Incorporation of Biomedical Knowledge in Sickle Cell Disease (SCD) Representations of a Guadeloupe Schooled Population (FWI): Marie-Galante Profile

By Pruneau, Jérôme; Ferez, Sylvain et al. | Caribbean Quarterly, September 2009 | Go to article overview

Incorporation of Biomedical Knowledge in Sickle Cell Disease (SCD) Representations of a Guadeloupe Schooled Population (FWI): Marie-Galante Profile


Pruneau, Jérôme, Ferez, Sylvain, Maillard, Frédéric, Dumont, Jacques, Ruffié, Sébastien, Hue, Olivier, Caribbean Quarterly


Sickle cell disease (SCD) is the most expanded genetic disease in the world (Bardakdjian J. and Wajcman H., 2004). It affects as much the male as the female population. Its variability and complexity make the task all the more harder for the medical body. If in certain countries - in Africa notably - the authorities confront social and economic difficulties in the caring of the patients, in Guadeloupe sickle cell disease is recognized as a public health priority since 1990. In this French overseas department (FOD), 40,000 to 50,000 people are S-gene carriers, or approximately one tenth (1/10) likely to pass the disease over their children, most of the time unknowingly. Each year, there are twenty-five to thirty new-born sickle cell sufferers in this department, or approximately 1/260 (Benkerrou M., Denamur E., and Elion J., 2003). The share is identical in Martinique and French Guyana.

This epidemiological situation drove the department authorities of Guadeloupe to create the first centre entirely dedicated to this disease, the Centre Caribeen de la Drepanocytose (Caribbean Center for SCD). Its originality holds in the fact that it fully takes in charge the disease: genetic advice, medical treatment, psychological service, social aid, research. At the crossroads of the hematology, pediatrics and new genetics emerged a new category of physicians: the "SCD experts" - "super general practitioners". Through this very specific status - and far more than for any other chronic diseases -the SCD expert embodies, in the eyes of the parents of the children suffering from SCD, the holder of a "knowledge-power" of what their offspring can or cannot do.

In France, few Sociology-Anthropology scholars involved in research on SCD (Laine A, 2004; Bonnet D. and Jaffré Y., 2004; Bonnet D., 2004), which is also of little importance in the West Indies (Tournebise S., 1997; Benoit C, 2004; Bibrac A. and Etienne-Julan M., 2004). Exercise Physiology studies have focused specifically on the sickle cell trait carriers (AS) (Le Galláis D., 1990; Hue and coll., 2002; Callahan et coll., 2002; Delclaux and Coll., 2005). Beyond the factors which limit the performance in process and during a post-critic period, SCD is characterized as a complicated, insidious and painful disease which still turns out to be fatal. Exercise may produce vaso-occlusive crises, but also the appearance of femoral and humerus osteonecroses, in conditions of growth, of delayed puberty and of increased protein needs (Stuart M. J. and Nagel R. L., 2004).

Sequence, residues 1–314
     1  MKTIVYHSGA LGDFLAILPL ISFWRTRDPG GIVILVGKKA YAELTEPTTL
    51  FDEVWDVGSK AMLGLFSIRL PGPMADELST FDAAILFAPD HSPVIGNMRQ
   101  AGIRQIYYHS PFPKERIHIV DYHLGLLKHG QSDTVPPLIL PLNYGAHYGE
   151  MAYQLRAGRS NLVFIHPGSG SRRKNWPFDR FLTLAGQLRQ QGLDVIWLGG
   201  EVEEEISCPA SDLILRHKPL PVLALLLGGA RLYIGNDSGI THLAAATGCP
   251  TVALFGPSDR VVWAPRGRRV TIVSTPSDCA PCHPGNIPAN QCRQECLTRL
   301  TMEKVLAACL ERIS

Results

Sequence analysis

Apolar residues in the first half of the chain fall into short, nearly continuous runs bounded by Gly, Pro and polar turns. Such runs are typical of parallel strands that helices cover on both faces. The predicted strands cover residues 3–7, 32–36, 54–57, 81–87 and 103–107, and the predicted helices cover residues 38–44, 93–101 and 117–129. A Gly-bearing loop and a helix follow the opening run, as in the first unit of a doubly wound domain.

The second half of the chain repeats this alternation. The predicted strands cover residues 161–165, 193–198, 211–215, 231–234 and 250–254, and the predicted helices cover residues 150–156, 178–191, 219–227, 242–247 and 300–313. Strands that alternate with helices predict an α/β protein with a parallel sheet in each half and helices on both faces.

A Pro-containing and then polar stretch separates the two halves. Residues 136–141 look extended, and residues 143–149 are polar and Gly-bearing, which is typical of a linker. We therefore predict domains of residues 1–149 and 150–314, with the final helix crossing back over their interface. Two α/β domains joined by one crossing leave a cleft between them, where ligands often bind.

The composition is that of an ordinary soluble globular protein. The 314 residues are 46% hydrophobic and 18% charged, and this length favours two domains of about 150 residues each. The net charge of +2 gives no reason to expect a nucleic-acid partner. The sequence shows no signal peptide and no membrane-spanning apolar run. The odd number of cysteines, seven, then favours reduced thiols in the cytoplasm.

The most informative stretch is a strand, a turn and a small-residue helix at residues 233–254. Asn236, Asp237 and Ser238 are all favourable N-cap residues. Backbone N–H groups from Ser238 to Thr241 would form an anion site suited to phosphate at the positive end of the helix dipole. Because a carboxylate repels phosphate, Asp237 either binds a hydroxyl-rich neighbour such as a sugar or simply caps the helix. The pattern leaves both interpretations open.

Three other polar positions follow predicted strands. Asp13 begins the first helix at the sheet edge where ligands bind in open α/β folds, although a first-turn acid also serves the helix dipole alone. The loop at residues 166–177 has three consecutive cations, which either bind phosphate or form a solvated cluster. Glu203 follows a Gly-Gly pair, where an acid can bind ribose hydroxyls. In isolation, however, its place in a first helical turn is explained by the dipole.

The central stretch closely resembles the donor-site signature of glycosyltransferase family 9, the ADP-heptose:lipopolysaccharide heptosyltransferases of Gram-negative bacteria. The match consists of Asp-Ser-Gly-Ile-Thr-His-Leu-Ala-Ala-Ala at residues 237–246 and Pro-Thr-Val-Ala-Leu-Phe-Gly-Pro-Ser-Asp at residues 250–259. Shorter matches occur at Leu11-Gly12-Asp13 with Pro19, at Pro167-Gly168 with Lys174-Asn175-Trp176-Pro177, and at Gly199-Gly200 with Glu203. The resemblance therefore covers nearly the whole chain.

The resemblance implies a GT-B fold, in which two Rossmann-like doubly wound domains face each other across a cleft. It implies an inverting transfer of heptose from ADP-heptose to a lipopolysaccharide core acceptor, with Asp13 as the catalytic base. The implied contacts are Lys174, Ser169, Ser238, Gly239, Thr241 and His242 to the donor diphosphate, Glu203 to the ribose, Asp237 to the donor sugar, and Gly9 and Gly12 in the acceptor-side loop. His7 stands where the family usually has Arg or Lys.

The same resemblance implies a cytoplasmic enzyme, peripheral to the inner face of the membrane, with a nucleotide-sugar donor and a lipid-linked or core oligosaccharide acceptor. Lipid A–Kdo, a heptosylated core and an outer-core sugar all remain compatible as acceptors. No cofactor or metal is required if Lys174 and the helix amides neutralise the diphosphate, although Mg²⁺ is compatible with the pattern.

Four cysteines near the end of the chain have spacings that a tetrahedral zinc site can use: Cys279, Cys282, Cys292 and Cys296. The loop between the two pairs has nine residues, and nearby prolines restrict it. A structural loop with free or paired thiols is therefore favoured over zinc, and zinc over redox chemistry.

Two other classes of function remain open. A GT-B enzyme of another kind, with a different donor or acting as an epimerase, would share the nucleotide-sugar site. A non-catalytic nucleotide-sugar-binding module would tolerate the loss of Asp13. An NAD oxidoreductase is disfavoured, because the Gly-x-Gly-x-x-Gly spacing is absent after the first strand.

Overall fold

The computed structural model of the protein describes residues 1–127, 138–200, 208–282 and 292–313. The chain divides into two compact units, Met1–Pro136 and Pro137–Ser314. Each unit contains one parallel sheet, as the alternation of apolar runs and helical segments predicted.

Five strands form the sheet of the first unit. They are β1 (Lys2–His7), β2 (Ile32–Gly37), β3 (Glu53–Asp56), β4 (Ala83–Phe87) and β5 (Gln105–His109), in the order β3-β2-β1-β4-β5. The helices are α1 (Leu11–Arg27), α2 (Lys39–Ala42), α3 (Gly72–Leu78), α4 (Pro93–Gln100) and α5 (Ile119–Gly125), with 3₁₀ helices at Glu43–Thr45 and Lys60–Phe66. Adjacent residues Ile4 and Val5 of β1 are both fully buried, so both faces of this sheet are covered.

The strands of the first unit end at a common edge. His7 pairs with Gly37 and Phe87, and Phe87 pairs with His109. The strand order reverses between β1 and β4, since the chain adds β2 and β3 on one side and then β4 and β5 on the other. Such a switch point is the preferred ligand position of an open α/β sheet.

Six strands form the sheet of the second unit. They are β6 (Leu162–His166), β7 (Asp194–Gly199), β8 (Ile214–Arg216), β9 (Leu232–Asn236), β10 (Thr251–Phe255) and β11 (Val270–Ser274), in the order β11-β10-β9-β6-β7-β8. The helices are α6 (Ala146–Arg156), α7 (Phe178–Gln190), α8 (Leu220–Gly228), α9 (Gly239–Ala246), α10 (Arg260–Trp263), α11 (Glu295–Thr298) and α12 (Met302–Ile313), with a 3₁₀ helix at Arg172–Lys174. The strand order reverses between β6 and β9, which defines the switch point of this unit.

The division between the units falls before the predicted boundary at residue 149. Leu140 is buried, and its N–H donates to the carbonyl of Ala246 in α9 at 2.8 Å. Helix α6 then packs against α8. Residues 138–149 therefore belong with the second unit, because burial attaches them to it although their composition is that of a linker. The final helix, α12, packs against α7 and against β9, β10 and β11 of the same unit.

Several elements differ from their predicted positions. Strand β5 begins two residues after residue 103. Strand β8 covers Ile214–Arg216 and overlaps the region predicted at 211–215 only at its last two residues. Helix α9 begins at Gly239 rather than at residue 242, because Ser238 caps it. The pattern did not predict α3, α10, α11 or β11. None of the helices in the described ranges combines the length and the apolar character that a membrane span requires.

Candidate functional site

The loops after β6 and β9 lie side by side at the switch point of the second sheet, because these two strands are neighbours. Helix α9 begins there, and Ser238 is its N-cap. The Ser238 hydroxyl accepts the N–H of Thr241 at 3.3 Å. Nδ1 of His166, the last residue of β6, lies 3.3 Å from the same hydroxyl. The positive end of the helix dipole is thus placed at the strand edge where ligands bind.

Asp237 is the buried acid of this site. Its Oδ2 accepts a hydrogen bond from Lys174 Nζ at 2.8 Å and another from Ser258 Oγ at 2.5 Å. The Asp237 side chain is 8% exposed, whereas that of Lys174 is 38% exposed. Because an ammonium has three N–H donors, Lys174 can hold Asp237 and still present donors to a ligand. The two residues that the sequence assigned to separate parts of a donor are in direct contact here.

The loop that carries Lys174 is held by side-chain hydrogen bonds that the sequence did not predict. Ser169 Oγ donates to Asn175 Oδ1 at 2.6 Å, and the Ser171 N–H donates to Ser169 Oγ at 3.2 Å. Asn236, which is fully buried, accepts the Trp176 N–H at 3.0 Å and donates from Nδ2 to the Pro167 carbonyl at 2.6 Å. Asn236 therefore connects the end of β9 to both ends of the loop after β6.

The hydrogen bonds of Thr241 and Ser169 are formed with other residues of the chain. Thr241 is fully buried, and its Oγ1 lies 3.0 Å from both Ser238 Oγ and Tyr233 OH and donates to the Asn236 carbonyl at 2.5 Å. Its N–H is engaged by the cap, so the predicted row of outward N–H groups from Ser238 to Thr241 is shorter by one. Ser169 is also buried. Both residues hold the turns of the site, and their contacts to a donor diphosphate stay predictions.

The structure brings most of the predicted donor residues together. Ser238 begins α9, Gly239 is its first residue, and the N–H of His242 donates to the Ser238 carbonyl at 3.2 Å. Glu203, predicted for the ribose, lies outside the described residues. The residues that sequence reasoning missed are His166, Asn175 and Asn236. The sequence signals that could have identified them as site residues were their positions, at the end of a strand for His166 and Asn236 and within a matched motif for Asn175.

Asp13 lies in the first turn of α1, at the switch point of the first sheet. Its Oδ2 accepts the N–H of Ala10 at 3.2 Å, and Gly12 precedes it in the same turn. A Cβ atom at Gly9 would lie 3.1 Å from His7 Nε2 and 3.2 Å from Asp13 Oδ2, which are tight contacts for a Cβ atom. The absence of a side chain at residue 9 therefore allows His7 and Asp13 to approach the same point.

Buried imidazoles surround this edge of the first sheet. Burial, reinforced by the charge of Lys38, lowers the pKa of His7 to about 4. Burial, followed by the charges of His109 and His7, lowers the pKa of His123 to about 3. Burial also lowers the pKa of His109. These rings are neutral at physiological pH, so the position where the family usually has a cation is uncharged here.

If crises and pain call for medical care, apprehending the representation of SCD belongs to a set of symbolical thinking systems which Health Anthropology echoes in order to go beyond the medical vision of the disease. For instance, it is well-known how often the novice reappropriation of the scholarly representations - particularly the biomedical ones (Moscovici S., 1961) - favors a "travesty" interpretation of SCD phenomenon by showing the potential limits of the medical discourse and of its comprehension. The study done on the "daily living with the disease" and of its monitoring in sport environments in SS-Type SCD-suffering adolescents of Guadeloupe proved that the experiences lived overcome prevention discourses, ottener generalizing and referring back the appreciation of the phenomenon to the field of social and cultural identity (Pruneau et coll., 2008).

In 1994, Bougerai (1994) had already shed light on the cultural and traditional factors at work in the West Indies that result in a lack of social visibility of the disease, to its oblivion, as well as to some confusion in the representations of illness, especially when they are related with anemia and blood. The latter becomes the support of imaginary projections which make the resorts to filiation hardly comprehensible - particularly in the way of thinking heredity (Bonniol J. L. and Benoist J., 1994) - and which also put forward how "in this system of representations, the genotype and the cultural patrimony come within these substitutive symbolical relations" (5: 66). …

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